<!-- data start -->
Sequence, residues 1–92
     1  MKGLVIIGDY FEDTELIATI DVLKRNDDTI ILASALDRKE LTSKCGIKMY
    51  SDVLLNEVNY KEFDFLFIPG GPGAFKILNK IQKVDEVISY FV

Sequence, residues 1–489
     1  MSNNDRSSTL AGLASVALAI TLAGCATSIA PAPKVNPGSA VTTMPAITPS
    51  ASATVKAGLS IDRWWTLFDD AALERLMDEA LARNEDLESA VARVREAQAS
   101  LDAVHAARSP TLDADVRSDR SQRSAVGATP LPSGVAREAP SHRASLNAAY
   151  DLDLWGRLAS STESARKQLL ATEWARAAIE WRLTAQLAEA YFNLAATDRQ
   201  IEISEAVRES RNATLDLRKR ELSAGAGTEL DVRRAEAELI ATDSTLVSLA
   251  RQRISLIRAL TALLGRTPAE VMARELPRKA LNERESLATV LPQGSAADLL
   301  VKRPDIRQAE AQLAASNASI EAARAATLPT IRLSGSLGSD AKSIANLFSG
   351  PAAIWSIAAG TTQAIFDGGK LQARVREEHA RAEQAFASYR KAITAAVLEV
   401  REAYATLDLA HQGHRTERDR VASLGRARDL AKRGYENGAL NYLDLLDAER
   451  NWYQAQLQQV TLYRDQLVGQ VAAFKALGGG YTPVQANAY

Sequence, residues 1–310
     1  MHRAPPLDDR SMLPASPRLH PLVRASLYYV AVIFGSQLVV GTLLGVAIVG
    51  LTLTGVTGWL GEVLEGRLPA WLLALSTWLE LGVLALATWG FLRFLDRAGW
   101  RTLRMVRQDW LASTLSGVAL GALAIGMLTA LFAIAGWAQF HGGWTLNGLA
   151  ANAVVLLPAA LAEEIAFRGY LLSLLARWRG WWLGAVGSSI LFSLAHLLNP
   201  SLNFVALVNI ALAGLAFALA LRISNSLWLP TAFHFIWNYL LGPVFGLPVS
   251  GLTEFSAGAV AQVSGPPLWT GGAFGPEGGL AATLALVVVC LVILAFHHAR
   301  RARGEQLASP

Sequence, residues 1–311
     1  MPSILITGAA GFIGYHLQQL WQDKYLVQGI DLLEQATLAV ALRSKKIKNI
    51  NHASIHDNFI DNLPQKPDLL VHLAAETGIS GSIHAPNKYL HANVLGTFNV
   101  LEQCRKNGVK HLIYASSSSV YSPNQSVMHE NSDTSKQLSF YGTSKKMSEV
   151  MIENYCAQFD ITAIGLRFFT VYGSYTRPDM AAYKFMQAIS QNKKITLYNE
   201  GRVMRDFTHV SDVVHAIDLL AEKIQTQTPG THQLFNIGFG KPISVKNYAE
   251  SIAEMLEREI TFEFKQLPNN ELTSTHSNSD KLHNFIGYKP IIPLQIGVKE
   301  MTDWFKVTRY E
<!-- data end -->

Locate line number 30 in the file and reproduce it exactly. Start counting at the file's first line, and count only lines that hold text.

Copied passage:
   301  MTDWFKVTRY E